Vince Bellino ’15, Finance Editor, Christian Tannous ’14, Staff Writer
The Bureau of Labor Statistics announced on Feb. 7 that unemployment has dropped to 6.6 percent, its lowest level since October 2008. While initially it paints a brighter portrait of the labor market, further analysis proves the statistics to be anything but clear. Much of the deceptiveness can be attributed to how the headline unemployment number is calculated; a process to which it only can make sense of how unemployment can decrease despite consecutive months of sluggish job growth.
The government conducts a monthly sample survey called the Current Population Survey to measure the extent of unemployment in the country. The problems with the current method are it does not consider the workers who quit the job search and it often does not match up with the payroll job counts that comes from a survey of employers.
The new job figures for December and January are 75,000 and 113,000 respectively, which was considerable less than the analyst’s expectations of nearly 200,000 per month. If these disappointing numbers seem too small to drop unemployment to a pre-crisis low, it is because they are. A statistic the government will not announce is the civilian labor face participation rate which fell .2 percentage points to 62.8 percent, it is lowest since the late 1970s. As a benchmark, the pre-crisis participation rate was about 66 percent.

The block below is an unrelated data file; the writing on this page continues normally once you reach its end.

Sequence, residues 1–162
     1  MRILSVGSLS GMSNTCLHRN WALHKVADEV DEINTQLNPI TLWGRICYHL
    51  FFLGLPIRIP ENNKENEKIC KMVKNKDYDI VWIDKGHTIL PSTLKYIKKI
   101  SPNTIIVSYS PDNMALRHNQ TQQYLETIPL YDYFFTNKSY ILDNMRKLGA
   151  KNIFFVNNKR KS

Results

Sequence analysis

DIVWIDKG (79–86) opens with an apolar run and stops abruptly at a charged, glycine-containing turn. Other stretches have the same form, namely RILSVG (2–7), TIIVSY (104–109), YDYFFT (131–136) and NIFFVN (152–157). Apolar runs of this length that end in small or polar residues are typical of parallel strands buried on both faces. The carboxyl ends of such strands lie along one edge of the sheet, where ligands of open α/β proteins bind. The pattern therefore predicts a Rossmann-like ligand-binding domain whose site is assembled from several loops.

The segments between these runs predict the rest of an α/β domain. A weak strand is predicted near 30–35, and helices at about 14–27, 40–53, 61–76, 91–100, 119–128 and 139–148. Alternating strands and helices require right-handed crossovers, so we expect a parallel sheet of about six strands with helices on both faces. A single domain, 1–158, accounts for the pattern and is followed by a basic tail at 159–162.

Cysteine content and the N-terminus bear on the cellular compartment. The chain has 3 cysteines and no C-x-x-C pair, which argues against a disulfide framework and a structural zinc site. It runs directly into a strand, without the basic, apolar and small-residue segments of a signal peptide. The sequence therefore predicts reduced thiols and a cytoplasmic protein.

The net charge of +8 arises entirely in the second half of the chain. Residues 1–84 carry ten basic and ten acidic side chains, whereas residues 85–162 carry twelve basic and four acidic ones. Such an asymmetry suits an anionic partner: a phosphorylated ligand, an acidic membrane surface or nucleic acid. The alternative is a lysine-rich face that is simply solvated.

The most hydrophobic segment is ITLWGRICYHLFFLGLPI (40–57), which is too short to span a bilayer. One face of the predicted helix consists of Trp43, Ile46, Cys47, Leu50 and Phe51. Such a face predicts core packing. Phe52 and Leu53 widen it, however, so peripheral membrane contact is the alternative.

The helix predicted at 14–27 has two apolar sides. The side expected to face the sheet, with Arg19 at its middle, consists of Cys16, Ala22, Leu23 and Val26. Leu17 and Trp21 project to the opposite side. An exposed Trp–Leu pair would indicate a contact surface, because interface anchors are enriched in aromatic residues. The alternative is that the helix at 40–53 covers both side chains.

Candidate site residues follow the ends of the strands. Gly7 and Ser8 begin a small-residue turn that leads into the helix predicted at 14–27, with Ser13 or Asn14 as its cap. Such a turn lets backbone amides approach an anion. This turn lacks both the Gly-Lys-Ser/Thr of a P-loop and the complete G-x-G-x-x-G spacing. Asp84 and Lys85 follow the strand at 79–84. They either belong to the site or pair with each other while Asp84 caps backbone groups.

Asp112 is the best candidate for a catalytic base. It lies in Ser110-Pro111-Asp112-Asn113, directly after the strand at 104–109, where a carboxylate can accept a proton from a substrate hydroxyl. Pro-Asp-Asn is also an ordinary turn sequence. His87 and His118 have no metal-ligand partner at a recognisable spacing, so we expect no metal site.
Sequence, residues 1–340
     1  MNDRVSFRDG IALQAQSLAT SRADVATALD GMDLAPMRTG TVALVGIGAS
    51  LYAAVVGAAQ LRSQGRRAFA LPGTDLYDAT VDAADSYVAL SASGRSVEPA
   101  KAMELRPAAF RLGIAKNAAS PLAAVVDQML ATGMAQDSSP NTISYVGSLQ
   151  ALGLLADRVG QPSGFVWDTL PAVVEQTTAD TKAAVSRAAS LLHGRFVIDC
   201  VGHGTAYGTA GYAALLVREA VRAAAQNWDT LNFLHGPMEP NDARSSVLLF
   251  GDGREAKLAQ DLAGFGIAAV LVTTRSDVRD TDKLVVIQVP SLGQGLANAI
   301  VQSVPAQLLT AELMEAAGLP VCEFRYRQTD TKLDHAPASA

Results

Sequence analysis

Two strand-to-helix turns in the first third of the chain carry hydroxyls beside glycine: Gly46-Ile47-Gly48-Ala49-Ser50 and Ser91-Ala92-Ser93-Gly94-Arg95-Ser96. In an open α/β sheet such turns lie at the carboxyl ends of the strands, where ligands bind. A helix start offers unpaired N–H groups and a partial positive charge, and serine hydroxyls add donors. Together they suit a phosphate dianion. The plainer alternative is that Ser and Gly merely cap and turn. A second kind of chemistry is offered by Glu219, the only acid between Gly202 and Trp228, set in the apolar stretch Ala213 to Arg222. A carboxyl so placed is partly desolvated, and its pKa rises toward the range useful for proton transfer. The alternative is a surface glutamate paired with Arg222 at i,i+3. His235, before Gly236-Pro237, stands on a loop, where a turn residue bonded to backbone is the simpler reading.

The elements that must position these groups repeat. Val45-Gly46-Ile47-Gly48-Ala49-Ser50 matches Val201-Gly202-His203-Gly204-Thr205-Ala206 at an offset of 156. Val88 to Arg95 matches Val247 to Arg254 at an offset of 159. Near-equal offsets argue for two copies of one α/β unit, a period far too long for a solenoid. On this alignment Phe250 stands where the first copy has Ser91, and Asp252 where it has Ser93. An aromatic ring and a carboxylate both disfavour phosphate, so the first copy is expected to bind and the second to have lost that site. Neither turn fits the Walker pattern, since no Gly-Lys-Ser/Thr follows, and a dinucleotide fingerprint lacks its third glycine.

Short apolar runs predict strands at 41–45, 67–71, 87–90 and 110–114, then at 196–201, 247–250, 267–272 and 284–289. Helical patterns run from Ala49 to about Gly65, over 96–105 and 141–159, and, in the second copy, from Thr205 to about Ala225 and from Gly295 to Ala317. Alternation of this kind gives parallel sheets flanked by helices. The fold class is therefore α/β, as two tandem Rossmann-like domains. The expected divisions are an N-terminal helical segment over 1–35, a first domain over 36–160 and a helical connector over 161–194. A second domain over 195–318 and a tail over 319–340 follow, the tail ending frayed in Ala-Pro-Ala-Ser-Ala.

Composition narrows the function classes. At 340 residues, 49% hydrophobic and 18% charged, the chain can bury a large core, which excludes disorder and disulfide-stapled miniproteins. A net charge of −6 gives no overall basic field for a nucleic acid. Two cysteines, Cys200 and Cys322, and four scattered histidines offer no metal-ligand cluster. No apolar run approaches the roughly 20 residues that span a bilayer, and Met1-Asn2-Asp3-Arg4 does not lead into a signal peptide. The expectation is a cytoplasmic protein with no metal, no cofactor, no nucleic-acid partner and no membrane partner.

As we all will be college graduates soon and enter into the workforce, this number will be of increasing concern. Jobs have become increasingly harder to find as the costs of education have spiraled, leaving many graduates underemployed with massive amounts of debt. All of this should leave you with no worries, however as the Bureau of Labor Statistics projects faster growth for jobs requiring post-secondary education in the next several years. Hopefully their estimates have more bearing than their unemployment statistics.